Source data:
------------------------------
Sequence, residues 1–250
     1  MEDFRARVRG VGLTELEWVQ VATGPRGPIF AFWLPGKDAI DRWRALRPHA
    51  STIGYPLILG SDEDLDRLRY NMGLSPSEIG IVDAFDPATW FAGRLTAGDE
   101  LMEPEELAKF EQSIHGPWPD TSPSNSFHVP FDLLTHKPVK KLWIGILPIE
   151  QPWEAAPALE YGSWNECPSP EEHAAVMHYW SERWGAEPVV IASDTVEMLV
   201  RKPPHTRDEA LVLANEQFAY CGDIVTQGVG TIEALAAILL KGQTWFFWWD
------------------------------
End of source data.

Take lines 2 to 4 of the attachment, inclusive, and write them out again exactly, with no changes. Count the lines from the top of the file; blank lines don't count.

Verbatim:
     1  MEDFRARVRG VGLTELEWVQ VATGPRGPIF AFWLPGKDAI DRWRALRPHA
    51  STIGYPLILG SDEDLDRLRY NMGLSPSEIG IVDAFDPATW FAGRLTAGDE
   101  LMEPEELAKF EQSIHGPWPD TSPSNSFHVP FDLLTHKPVK KLWIGILPIE